Going, gone

The EBA’s proposed compromise – detailed in a consultation published on June 9 – was based on a study of bank takeovers in resolution, which found that software assets were generally replaced by the acquiring bank in one to three years. The regulator took the midpoint of that range, and therefore suggested that the prudential value of software should be amortised over two years. During that period, the residual value of the software would be risk-weighted as an asset at 100%.

Docherty says the two-year window is insufficient to incentivise banks to make technology investments that are “potentially expensive, but long-lasting”.

An asset valuation expert agrees that the proposal is “not a game-changer”.

This amendment feels like you are saying to someone who is very hungry: ‘Here, have a candy’

Charlotte Lo, KPMG

A handful of banks expect to see capital benefits of more than 100bp if the EBA’s proposal is adopted. Sources say those firms may have recently made large investments in core banking or electronic trading operations, or launched new digital units.

For some banks, the capital benefits may not even be worth the trouble. Once software is recorded as an asset on the balance sheet, the bank’s auditors must conduct impairment assessments for financial reporting. The amortisation period for accounting tends to be much longer than the EBA’s proposed two years for capital purposes – anywhere from six to 14 years, depending on the nature of the software, according to respondents to the EBA consultation. Reconciling the accounting and prudential valuations would involve a great deal of extra work for only a modest payoff.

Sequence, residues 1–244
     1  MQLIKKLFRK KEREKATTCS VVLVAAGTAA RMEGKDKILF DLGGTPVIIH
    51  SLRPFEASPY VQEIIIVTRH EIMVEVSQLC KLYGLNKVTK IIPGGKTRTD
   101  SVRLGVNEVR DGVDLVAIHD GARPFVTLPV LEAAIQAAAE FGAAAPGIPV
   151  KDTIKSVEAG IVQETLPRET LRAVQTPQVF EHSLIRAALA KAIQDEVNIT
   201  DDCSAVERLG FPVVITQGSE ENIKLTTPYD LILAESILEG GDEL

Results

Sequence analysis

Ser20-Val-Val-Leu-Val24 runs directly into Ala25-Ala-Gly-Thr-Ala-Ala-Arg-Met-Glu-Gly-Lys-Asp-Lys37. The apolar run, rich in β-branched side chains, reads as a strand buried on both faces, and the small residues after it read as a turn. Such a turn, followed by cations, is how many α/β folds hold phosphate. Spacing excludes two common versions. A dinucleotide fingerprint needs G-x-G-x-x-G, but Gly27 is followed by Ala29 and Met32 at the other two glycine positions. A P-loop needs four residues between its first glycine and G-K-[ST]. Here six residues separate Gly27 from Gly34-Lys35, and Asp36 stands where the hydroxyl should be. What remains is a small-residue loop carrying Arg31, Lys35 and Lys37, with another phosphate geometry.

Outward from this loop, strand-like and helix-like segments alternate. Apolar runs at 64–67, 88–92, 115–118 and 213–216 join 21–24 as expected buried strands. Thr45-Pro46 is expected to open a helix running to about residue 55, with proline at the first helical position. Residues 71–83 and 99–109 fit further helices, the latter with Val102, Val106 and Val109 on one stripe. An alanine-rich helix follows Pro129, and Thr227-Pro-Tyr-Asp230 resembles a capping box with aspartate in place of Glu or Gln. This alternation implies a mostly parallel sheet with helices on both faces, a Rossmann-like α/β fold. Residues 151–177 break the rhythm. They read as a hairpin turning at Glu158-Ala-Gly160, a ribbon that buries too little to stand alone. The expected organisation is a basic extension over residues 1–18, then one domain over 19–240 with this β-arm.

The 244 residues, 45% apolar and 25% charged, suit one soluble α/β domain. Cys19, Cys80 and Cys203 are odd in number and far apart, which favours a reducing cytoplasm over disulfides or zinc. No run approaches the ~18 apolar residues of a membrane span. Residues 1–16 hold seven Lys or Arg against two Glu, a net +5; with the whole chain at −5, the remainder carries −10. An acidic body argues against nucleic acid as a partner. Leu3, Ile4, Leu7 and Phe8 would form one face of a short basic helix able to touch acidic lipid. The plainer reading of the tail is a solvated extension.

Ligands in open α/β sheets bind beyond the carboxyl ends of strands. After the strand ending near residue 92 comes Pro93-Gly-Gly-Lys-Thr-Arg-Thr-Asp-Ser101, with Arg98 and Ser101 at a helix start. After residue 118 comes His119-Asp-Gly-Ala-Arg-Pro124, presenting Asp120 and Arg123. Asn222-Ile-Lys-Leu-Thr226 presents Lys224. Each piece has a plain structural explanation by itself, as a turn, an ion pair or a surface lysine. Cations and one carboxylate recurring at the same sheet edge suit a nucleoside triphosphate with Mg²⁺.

Charlotte Lo
Charlotte Lo, KPMG

“This amendment feels like you are saying to someone who is very hungry: ‘Here, have a candy.’ If it is only two years, the operational inconvenience would make them think there is not much to motivate them other than the desire to do things right [by the regulator],” says Charlotte Lo, a director in banking accounting advisory at KPMG.

The valuation expert points to another wrinkle. For banks that undertake large but occasional technology projects, the capital relief afforded by the EBA proposal is likely to be intermittent and volatile, making it difficult to manage from a capital planning perspective.

“If you need to launch a big technology project at the same time, you also need capital – that is not great, and a temporary relief of two years is not going to be much use, unless your bank is undertaking constant innovation,” he tells Risk.net.

While banks are generally in agreement that a two-year amortisation period is too short, there is no consensus on how long it should be.

Deutsche Bank suggested a three-year amortisation period in its response to the EBA’s consultation, while the Association for Financial Markets in Europe and Intesa Sanpaolo both pushed for four years, and the Spanish Confederation of Savings and Retail Banks urged six years.

BNP Paribas’s Docherty says the EBA’s decision to adopt a separate regulatory cap on the amortisation of software is a sensible response to the variation in accounting amortisation rates across Europe. But he suggests changing the underlying calculation method – using the average life of both gone-concern and going-concern software valuations across the sector, rather than just the gone-concern scenario. His research suggests an average useful life of around nine years, so a prudential amortisation schedule somewhere between this and the EBA’s two-year gone-concern proposal could make sense, he says.

That could be a tough pill for some regulators to swallow. If the UK’s PRA follows through on its idea of using pillar two supervisory charges to offset the capital relief afforded by the EBA, it could further skew the playing field, not only in comparison to the US, but even among European banks.

The issue could be resolved by the Basel Committee on Banking Supervision, which has a working group examining the prudential treatment of software assets. The current Basel III standards contain no specific guidelines beyond the general treatment of intangible assets. With bank software investments having tripled over the past decade, Docherty says it is all the more important for Basel to seek a global consensus.

“This is a classic example of an unlevel playing field,” he says. “The fact that we have a major operating asset that is treated differently in different jurisdictions really makes it a hot topic.”